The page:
How to knit creative baby booties

Updated April 17, 2017

Baby booties are small projects that don't use a lot of yarn and can be knitted quickly. Due to their small size, many knitters use baby booties as a way to learn new techniques, get wildly creative with their knitting, and explore design and stitch patterns. Baby booties are often cherished gifts and are passed on to future generations. Knitting creative booties can be a great way to give a truly distinctive baby gift to be treasured for years.

Play with colour. Try simple stripes or stranded colourwork. Draw out your colour pattern on a piece of graph paper and use that as a chart for knitting the baby booties.

Use contrasting yarns and a tapestry needle to embroider over the surface of the baby booty. Use free-form embroidery or draw out your design ahead of time on paper.

Knit different shapes. Add creative touches, such as curly toes, knitted wings or ears off the side of the booties, bear paw shapes and other animal-themed embellishments. Try knitting booties in the shape of adult shoe types, such as cowboy boots, high heels, ballet slippers and sneakers.

Crochet embellishments. Try crocheting a small garden of bright flowers on the toes of the booties or adding tiny flowers along the cuffs. Add lace trim or lace-tipped ties to the cuffs of the booties.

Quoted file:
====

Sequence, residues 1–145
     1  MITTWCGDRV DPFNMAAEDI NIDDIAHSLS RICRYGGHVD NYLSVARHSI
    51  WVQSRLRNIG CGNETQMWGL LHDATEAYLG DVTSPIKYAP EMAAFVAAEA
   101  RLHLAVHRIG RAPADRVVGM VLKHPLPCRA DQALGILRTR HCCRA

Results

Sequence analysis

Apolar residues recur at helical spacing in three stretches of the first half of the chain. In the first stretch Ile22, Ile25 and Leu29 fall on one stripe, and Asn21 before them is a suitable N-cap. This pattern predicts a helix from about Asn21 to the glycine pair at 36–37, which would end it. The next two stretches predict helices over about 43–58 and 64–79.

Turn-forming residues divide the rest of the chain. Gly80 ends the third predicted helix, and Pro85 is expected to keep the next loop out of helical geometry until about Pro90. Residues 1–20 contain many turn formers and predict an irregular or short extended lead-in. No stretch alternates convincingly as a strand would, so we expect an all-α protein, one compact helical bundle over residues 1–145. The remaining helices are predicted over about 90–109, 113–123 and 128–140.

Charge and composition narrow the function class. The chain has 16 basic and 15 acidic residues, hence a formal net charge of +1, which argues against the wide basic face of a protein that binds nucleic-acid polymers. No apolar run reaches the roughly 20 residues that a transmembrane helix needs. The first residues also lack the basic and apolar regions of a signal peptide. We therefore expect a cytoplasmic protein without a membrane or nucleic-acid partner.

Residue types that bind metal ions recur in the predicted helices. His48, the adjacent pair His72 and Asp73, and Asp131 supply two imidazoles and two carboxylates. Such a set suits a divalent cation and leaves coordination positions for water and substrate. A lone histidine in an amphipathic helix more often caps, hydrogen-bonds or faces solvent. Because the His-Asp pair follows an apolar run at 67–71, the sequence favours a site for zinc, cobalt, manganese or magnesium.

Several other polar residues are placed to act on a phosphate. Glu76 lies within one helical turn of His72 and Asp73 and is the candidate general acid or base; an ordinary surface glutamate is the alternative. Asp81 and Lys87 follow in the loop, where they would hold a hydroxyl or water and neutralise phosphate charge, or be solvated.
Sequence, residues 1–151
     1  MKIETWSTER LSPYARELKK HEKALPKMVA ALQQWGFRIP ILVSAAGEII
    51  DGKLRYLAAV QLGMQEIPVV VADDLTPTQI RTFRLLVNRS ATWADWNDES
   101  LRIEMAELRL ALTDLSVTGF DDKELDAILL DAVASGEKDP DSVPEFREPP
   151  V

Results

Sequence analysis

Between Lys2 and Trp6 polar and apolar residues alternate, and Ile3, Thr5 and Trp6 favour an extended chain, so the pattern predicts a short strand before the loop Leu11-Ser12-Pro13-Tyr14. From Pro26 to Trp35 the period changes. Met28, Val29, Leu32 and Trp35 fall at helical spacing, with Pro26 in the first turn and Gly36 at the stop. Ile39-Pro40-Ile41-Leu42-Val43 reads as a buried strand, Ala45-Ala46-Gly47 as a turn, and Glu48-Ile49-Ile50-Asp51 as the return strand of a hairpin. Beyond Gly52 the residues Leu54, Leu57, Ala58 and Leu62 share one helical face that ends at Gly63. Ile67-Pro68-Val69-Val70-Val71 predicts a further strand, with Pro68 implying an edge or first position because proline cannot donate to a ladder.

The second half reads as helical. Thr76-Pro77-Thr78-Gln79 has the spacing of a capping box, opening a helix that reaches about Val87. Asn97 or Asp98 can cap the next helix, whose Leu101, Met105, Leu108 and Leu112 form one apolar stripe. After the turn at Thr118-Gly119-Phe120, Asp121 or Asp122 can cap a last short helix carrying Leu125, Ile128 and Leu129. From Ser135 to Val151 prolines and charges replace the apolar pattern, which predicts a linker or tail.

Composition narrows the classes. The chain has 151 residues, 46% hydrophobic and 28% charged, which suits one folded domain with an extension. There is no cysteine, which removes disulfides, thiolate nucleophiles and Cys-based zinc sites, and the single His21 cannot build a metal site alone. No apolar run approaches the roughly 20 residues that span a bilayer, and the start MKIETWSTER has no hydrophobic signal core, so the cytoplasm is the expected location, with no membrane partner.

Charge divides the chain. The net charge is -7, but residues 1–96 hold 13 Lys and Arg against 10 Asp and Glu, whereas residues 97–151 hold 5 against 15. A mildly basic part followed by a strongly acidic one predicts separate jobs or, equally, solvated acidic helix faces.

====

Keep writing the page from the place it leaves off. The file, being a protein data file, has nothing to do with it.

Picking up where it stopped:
Use novelty yarns. Knit booties with eyelash yarn for a furry animal foot look or add a touch of it at the top for a wintry booty.


Ribbon yarns can add interesting texture to otherwise plain baby booties and provide an interesting medium for knitters to work with.


Avoid small embellishments, such as sequins and beads, that could potentially become choking hazards. Stick to larger items that can't be easily swallowed.

Things You'll Need

  • Yarn
  • Knitting needles
  • Tapestry needle
  • Crochet hook
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About the Author

Based in New York City, Virginia Watson has been writing and editing professionally since 2004. Her work has appeared in magazines including "The Roanoker Magazine," "Blue Ridge Country," "Pinnacle Living" and the award-winning "Virginia State Travel Guide." Watson holds a Master of Arts in philosophy of education from Virginia Polytechnic and State University.